Google quietly introduced an audio search tool called GAudi this week in Google Labs. For now, Google is using to the tool for experimentation purposes to index political content on YouTube videos, but chances are they are exploring this for more than good citizenship points and will expand it at some point in the future. Arnaud Sahuguet, the Product Manager for the Google Audio Indexing project explained to me exactly what this new development means.
Up until now, only a few small multimedia search companies have been able to index audio effectively including Nexidia and TVEyes, two pioneering companies in the audio indexing space. In fact I wrote about these companies in a Streaming Media Magazine article last year called The Search is On. These companies are able to index with incredible speed with Nexidia building a phonetic index and TVEyes using a hybrid approach of phonetic indexing and using a library of known terms.
According to Sahuget, Google Audio Indexing uses speech technology to transform spoken words into text and uses the Google indexing technology to return the best results to the user. "The returned videos are ranked based -- among other things -- on the spoken content, the metadata, and the freshness of the video. We periodically crawl the YouTube political channels for new content. As soon as a new video is uploaded to YouTube, it is processed by our system and made available in our index for users to search."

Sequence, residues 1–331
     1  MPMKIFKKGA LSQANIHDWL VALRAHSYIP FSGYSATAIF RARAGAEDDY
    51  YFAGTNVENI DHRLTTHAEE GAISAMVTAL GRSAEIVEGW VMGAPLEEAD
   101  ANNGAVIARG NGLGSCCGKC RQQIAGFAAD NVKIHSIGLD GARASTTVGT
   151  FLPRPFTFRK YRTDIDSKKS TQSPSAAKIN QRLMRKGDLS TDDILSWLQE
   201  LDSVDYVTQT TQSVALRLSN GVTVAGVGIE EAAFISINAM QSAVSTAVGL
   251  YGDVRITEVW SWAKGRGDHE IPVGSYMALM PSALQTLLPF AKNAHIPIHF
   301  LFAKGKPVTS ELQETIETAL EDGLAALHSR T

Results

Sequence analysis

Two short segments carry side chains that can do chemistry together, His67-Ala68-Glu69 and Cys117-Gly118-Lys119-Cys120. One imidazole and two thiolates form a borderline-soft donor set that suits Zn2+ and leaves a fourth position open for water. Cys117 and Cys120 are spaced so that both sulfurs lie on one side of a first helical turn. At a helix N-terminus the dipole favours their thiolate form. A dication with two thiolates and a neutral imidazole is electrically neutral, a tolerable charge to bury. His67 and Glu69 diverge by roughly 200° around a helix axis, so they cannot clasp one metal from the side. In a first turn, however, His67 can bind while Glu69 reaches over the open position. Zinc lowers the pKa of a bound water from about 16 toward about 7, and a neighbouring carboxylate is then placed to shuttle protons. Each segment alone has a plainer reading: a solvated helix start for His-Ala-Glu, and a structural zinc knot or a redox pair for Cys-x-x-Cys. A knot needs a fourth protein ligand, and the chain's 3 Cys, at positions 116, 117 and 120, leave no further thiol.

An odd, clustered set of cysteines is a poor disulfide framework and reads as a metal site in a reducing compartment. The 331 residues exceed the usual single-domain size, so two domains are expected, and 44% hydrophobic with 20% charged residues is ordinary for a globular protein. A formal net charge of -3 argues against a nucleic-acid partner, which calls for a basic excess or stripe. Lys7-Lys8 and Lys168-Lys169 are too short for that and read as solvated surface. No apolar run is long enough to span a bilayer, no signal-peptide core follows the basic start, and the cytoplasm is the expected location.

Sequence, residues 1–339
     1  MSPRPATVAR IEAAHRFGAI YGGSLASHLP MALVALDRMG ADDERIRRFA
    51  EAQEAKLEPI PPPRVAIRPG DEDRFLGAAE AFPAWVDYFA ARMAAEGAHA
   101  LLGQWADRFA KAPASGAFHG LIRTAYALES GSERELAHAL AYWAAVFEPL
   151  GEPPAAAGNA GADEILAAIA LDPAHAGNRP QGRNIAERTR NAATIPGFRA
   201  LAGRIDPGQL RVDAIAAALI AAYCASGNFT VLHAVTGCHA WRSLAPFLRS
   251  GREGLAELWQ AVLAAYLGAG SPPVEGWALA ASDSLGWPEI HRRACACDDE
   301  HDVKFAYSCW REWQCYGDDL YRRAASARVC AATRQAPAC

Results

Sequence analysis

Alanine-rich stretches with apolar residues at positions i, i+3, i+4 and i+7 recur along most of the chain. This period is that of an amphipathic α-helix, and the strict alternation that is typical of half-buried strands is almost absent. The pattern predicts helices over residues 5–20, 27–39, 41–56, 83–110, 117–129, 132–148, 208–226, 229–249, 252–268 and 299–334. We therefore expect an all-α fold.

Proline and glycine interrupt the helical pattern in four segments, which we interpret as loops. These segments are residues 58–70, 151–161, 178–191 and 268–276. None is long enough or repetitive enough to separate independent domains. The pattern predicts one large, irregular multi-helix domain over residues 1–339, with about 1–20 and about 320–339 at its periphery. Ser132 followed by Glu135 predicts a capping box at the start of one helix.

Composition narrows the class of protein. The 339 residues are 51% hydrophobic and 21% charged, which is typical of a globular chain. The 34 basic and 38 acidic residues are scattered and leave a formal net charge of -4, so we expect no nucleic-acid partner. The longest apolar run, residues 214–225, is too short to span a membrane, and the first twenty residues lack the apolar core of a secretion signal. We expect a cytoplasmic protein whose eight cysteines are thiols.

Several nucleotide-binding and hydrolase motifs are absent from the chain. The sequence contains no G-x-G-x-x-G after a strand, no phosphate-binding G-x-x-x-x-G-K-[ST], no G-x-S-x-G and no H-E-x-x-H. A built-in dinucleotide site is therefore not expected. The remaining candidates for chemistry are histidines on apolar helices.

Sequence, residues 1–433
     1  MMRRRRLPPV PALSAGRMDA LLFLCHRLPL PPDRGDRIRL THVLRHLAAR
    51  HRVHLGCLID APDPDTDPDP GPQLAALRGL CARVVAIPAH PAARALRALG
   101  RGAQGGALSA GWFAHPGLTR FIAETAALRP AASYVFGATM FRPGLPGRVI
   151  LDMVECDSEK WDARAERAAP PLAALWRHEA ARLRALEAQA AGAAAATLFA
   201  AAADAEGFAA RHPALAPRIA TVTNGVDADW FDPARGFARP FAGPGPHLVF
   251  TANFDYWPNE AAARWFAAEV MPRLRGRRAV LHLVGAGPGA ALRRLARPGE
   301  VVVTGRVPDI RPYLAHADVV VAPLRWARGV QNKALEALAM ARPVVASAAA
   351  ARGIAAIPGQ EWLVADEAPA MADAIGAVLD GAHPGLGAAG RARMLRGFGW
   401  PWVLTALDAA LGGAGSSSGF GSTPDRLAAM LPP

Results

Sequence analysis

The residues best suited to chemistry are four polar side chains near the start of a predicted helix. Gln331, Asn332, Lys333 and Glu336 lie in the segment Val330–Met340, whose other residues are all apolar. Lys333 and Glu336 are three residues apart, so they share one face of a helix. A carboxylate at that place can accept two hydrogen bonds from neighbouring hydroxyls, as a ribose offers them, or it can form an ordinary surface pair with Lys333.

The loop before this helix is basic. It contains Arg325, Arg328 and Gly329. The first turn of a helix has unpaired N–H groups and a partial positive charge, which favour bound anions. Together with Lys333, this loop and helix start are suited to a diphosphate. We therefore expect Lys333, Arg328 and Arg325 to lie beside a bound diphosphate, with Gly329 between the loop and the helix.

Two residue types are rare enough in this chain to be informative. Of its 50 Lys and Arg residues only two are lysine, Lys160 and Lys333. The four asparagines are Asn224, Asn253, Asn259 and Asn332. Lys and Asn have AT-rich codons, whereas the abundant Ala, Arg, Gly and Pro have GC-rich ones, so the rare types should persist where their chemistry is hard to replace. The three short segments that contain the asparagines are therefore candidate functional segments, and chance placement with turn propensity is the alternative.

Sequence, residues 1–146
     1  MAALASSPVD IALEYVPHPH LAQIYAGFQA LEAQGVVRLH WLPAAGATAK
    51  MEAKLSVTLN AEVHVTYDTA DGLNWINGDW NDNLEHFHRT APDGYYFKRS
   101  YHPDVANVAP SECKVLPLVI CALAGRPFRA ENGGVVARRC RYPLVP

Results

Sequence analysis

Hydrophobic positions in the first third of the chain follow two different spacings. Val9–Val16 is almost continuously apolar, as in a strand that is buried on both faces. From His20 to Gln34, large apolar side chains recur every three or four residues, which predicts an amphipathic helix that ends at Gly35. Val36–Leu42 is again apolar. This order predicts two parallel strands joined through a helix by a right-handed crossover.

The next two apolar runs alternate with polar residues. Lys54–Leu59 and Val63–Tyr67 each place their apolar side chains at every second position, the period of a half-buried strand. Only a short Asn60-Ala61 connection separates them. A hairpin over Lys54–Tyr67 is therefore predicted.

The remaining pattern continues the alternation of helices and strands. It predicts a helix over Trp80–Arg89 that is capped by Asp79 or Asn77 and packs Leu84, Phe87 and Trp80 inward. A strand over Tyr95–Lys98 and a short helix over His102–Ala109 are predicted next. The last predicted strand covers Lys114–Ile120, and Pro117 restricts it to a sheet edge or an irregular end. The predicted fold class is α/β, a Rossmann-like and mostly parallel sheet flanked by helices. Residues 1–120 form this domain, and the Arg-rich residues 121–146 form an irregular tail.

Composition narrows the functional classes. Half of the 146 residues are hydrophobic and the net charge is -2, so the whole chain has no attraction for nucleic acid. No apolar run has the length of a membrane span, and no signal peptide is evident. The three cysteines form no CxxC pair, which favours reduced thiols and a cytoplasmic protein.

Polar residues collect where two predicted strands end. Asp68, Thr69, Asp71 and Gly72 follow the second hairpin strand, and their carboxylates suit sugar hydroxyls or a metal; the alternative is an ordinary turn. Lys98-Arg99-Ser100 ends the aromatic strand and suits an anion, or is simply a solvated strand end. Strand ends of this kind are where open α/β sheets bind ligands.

When Google purchased YouTube a a couple of years ago, I wondered at the time what it intended to do with it, especially after investing $1.6 billion. With so many people looking at YouTube video, it certainly had potential to generate substantial advertising revenue, but beyond monetization of the medium, Google is first and foremost a search company, so developing some way to search video makes a lot of sense. Sahuget says that more and more content is being created in online video formats, which could explain why Google has decided to develop this tool now.
"Speech-to-text transcription is a useful tool which enables users to instantly find and consume video content by searching across videos for specific terms, even if the video's publisher hasn't transcribed it themselves." He explains that it's time-consuming for users to watch an entire video when they are only looking for a certain part. "Using speech-to-text technology, we can identify the portions of the video where the relevant content is spoken."
For now Sahuget says they are limiting the project to the YouTube political content, but it seems unlikely it will stop there even though he would not commit to anything specific. "Speech recognition is a challenging problem and we are constantly working to improve our technology, but we have nothing to announce at this time," he says. I'm betting this is only the beginning.